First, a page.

Once you open the app and choose your player, you see a bunch of books.  These books have the topics that are available and include counting, addition, subtraction, multiplication, division, geometry, comparing, puzzles, measuring and fractions.  When you select a book, you will see it has 9 levels.  You must start with level 1 and complete it before it will unlock level 2.  If a level is unlocked, you can play it over and over again.  Each level has 10 questions.  You will see 3 stars in the upper right hand corner.  These are your three "lives" for that level.  If you get more than 3 wrong answers, you fail that level and have to start over.

Here are some shots of the game in action

#### Counting

 This is an easy and quick level to use with K students or intervention first graders who need more practice with subitizing or counting

 Missing numeral up to 5

 Another great one for K students!

The models are the same for addition and subtraction and quite a variety of models are included.  Objects, fingers, dice and number line are all part of the addition and subtraction section.  I also love when students have to pick the equation to match the picture.  You can see how useful this app would be to target specific skills for specific students.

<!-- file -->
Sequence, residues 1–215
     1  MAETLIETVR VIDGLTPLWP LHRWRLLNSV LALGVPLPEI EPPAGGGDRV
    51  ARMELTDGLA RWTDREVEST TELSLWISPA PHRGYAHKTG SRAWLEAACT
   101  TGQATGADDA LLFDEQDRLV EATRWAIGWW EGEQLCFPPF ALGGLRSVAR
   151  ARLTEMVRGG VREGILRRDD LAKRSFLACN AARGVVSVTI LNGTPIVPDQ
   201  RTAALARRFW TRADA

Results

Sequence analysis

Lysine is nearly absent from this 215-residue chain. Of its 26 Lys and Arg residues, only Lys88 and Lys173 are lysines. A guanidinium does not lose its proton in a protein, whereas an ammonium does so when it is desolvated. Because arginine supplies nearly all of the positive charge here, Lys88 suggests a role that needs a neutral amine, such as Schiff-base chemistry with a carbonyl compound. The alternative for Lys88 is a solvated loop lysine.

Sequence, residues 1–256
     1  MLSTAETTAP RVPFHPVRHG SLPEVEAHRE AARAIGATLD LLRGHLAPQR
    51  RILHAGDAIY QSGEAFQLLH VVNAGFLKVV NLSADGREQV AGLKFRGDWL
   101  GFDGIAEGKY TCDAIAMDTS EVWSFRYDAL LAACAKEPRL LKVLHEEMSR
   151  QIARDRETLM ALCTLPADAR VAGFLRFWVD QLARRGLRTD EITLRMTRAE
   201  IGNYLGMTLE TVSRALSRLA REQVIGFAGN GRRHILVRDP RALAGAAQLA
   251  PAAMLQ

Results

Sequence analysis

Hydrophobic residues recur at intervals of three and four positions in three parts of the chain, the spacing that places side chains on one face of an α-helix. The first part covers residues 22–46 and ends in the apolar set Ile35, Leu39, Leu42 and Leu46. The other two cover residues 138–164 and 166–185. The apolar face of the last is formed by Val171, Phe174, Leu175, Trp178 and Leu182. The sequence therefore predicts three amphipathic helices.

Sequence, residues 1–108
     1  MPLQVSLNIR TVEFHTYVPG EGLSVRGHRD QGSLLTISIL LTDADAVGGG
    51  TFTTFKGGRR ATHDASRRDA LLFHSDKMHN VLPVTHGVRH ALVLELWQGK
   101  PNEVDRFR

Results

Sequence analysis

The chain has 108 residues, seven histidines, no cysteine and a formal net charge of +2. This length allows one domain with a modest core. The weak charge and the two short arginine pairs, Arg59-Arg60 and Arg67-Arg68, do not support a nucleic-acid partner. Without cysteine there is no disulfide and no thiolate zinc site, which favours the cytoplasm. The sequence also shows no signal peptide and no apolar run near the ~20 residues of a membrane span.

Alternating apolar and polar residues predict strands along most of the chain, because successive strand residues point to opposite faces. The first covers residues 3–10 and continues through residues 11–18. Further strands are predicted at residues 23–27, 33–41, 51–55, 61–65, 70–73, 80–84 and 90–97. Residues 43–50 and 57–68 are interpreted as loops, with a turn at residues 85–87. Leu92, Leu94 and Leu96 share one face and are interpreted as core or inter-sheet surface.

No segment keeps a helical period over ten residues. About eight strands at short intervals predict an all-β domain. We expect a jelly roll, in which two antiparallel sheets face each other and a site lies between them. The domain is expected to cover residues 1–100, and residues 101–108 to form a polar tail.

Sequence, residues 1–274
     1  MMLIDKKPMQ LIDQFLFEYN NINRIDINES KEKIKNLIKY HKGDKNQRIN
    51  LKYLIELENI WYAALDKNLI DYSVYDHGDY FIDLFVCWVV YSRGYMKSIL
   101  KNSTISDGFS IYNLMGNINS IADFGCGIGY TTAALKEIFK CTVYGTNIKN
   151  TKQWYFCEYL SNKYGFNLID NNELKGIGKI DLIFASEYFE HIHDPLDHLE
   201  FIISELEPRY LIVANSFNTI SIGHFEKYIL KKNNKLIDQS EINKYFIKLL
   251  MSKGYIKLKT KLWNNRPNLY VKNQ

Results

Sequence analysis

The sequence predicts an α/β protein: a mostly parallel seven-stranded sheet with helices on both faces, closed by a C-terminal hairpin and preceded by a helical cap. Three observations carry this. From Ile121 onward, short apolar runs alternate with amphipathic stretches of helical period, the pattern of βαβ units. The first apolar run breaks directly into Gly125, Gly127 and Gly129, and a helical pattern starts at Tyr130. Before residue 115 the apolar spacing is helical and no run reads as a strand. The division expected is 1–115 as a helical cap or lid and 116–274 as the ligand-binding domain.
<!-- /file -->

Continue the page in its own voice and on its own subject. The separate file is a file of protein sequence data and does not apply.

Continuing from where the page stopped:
#### Multiplication and Divsion

I love how these operations start out with their very basic beginnings and how well they use the equal groups models.  As you move up in levels, there are some fun ways for kids to practice their multiplication and division facts with visual supports.

#### Geometry

The geometry section offers a variety of practice with 2 and 3 dimensional shapes.  However, I did find one mathematical inaccuracy with one of the sections where kids are asked to identify a prism.  It shows a triangular prism, a pyramid, a cube and a cylinder.  They have the "correct" answer as being the prism.  However, a cube is also a prism because it is a polyhedron that has the same cross section along its entire length.   If you address that issue with your students, the rest of this section has some good practice.  I particularly like the angle practice where it asks for an estimated angle measure.

#### Other Sections

The other sections also have some interesting levels.

King of Math Junior is currently free in the app store!  I am not sure if it is always free so grab it now! (The original King of math app was 99 cents but is also currently listed as free!)